Clean Water Act, 45th Anniversary

This week marks the 45th anniversary of the Clean Water Act.  Much progress has been made in that time to clean up our waterways.  Image, at the time this act was passed there were rivers so polluted they burned with fire.  As we learned in our tour of the Anacostia River last fall, pollution from a closed powerplant, improperly capped landfill areas, and massive raw sewage dumps are still causing harm in that local river.  Recent reversals of regulations protecting our waterways have the potential to cause great harm, erasing the past decades' forward progress in protecting water.  

How can you help?  Contact local, state an federal representatives to let them know that clean water matters to you.  Regardless of political party, clean water is something that all should be able to come together on.  Join your local watershed group and learn what needs to be done in your community to protect water.  Set an example and share information with family and friends:  reduce fertilizer and pesticide use, reduce household and garden water consumption, installing rain barrels, install a rain garden or conservation landscaping if appropriate to your property, scoop and properly dispose of pet waste, reduce impervious surfaces on your property.  Help at our Pleasant View project -- w're improving storm water management while creating native plant habitat for the Muddy Branch watershed.  

Please share your ideas and water stewardship with us.  Also, you might check with your local church to see if it has a storm water management plan.  I'm happy to report that our Kentlands Ward LDS chapel has a plan which includes having an area of native trees and other plants where water that drains from our parking lot and church roof is cleaned naturally and then recharges the groundwater.

Worth Celebrating

Eric and Gaylene Raynor celebrated their 42nd wedding anniversary with friends at Pleasant View on Sept. 11.  They planted a row of native shrubs which will now be a reminder of their years together serving others.   A huge "thank you" and "congratulations" to this marvelous couple.  They have been stalwart volunteers at Pleasant View, coming to almost every activity and many extra weeding days besides.


Matching Grant from The Nature Conservancy

LDS Earth Stewardship has been given a matching grant from the Utah Chapter of The Nature Conservancy.  All donations to LDS Earth Stewardship will be matched up to $40,000 -- funds will be used to help grow LDS Earth Stewardship.  Click on the link below to make a tax-deductible donation.  Earth Stewardship East is a regional group of LDS Earth Stewardship.

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Bugs, Blooms and Blights


From Facebook page:  Bugs, Blooms and Blights


This multicolored Asian lady bird beetle found its aphid prey on a goldenrod this morning. One beetle can feed on over a thousand aphids in its lifetime. Lady bird beetles are generalist predators that feed on not only aphids, but many small soft-bodied insects such as scales, psyllids, spider mites, leaf beetle larvae, some insect eggs, and small caterpillars. 

For great photos and information on common local insects, plants and plant problems, visit the new Facebook page hosted by the University of Maryland Extension:  Bugs, Blooms and Blights.

Exponent II on Earth Stewardship

The Summer 2017 issue of the Exponent II magazine features articles, poetry and art on a theme of earth stewardship.  Having just come in from the garden with hands stained from squeezing harlequin bugs, I could relate to editor Margaret Hemming's reflections on the direct personal violence of organic gardening. I learned from essays by LDS women whose professional insights as a biologist, demographer, and climate scientist have connections for our spiritual selves as well. You might also like to read the personal essay, "Inevitable," which is my contribution to this volume. As usual the art and poetry of this Exponent inspire.   Thanks to the LDS women who create each issue of Exponent II.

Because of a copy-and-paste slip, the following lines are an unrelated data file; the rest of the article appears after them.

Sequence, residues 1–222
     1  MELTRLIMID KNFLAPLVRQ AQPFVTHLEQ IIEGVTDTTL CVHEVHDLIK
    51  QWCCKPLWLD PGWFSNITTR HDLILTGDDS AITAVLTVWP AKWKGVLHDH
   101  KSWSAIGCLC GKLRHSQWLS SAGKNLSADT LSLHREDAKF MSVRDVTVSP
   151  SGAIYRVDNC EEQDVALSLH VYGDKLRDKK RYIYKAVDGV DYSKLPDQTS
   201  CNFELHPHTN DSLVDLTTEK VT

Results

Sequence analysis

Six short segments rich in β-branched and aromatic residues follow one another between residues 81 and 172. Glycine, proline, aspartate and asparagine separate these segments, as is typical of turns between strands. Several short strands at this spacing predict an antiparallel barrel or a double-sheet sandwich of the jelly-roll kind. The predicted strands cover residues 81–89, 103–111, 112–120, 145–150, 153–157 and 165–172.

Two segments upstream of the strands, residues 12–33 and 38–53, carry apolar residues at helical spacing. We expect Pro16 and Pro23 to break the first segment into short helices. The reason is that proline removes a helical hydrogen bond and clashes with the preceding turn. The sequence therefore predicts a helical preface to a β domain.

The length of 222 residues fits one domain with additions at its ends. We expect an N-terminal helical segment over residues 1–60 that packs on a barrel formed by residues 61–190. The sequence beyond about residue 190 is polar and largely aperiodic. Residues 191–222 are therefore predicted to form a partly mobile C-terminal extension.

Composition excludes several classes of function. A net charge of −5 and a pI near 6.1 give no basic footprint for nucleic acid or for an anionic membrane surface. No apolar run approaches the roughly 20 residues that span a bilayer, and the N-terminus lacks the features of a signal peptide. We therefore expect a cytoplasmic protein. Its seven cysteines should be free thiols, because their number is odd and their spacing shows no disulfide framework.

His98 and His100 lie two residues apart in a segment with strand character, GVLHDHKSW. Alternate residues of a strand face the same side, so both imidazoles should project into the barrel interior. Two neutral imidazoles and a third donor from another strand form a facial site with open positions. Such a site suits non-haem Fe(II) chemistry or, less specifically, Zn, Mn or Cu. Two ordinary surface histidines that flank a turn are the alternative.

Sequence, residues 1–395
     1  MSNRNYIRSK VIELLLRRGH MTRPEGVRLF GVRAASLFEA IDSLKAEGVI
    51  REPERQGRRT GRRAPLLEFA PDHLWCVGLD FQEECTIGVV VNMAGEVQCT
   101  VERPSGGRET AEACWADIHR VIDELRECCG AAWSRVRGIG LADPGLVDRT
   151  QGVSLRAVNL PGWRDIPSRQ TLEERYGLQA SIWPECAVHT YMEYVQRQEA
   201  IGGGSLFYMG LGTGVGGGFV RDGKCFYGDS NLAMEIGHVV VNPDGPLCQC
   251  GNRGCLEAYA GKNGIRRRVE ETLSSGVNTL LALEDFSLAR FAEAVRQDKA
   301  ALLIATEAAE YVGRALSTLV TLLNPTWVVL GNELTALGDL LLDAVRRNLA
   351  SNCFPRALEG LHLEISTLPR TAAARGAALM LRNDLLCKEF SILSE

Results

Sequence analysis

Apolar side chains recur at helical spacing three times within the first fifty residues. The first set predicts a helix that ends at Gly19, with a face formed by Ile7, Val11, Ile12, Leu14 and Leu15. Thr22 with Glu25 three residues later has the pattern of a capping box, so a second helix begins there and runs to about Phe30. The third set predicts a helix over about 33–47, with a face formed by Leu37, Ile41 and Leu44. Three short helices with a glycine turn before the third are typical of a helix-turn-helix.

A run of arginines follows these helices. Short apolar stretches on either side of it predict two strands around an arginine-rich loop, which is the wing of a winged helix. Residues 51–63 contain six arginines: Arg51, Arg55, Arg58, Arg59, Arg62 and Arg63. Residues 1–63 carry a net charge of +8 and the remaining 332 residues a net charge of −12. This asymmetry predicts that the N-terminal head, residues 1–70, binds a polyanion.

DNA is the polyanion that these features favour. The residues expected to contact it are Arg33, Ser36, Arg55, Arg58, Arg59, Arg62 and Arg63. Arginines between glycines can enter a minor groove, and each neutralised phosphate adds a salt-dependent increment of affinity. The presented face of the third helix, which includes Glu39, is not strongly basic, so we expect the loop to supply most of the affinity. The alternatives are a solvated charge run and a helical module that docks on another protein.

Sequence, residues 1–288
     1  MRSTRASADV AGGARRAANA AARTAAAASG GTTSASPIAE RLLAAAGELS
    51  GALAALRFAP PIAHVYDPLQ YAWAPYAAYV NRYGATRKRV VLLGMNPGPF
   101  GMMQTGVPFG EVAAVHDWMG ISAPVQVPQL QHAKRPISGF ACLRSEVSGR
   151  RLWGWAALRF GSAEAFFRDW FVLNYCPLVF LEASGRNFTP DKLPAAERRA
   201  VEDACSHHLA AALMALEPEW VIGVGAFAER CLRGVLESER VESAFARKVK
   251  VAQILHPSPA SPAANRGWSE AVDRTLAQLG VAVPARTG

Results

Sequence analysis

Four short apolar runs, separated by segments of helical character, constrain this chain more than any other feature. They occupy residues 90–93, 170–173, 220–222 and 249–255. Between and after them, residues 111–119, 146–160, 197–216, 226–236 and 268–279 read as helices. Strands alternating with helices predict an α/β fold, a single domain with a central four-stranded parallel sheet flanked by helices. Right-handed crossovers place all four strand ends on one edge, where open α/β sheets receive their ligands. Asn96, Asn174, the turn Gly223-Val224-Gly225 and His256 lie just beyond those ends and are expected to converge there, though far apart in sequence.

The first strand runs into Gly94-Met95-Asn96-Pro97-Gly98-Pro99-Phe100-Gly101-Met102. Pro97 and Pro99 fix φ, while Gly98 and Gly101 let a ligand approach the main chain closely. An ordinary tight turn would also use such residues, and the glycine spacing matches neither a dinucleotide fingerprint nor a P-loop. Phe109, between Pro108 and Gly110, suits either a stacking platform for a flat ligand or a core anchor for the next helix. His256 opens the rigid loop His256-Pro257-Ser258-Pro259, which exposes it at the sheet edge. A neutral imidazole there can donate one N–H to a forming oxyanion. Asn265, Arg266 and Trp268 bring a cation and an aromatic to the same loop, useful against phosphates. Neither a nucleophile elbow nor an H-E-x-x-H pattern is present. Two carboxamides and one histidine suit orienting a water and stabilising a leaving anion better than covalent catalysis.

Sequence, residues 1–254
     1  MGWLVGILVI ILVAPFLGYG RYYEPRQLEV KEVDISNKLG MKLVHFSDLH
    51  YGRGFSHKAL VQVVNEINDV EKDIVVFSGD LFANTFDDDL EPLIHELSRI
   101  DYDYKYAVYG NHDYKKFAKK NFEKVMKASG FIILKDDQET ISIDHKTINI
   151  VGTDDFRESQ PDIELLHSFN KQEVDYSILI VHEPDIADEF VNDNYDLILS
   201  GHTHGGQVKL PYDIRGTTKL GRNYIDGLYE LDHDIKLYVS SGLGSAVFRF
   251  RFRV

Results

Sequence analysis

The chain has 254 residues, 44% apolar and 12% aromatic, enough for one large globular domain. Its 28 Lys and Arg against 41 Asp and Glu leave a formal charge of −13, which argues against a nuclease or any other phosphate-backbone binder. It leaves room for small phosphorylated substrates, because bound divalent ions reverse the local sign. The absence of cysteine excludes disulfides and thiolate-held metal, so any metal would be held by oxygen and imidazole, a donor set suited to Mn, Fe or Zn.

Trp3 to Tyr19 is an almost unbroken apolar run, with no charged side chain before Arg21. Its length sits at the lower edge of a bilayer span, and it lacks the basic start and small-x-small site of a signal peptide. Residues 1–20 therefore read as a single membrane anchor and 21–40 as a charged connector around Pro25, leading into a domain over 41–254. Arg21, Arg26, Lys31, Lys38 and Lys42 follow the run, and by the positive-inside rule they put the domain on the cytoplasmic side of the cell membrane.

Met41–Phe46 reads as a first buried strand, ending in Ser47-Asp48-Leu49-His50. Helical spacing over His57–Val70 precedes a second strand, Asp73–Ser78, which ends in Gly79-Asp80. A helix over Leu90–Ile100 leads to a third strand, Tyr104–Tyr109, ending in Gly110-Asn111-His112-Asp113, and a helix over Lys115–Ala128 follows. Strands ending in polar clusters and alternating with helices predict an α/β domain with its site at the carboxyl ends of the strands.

Wavyleaf Basketgrass - "Weed from Hell"

I pulled some wavyleaf basketgrass this morning. "So what," you say.  In fact I first noticed this weed last year but wasn't particularly concerned until I learned more about it.  This is a highly invasive alien weed taking over our woodlands. It is new to our area and extremely difficult to eradicate once established.

I have been finding it scattered in my garden this summer. If you don't know it and pull it -- it will get worse each year as it's a perennial. At a recent course at the National Arboretum our instructor referred to wavyleaf basketgrass as "the weed from hell." It joins the ranks of other invaders like mile-a-minute which can grow more than a foot a day. Or stiltgrass which is now almost everywhere in our area, including natural areas. Commonly planted shrubs that are alien invasives include the Japanese barberry and the burning bush. It pays to know invasive plants so you can pull them out before they take hold in your garden/lawn. This protects nearby natural areas. Please share this information as most people are oblivious to this very serious environmental problem. Go to for more info on invasive plants for our area (Maryland Native Plant Society).

Wavyleaf basketgrass pulled from Merikay's garden.

Wavyleaf basketgrass pulled from Merikay's garden.

Small areas of wavyleaf basketgrass can be handpulled. Roots of pulled plants should be hung to dry before disposing so as to kill the plant before putting it out in the county recycling.  I would not compost it on site.  Plants with seeds should be double bagged and disposed or burned. Large infestations might require herbicide applications which is why is important to share this information and get these plants pulled before they spread.

I'm posting some photos and info from Wikipedia: "Accidentally introduced into the United States in Maryland and Virginia, this species spreads quickly and is becoming extremely invasive in forested natural areas in the Mid-Atlantic region across numerous counties in Maryland and Virginia.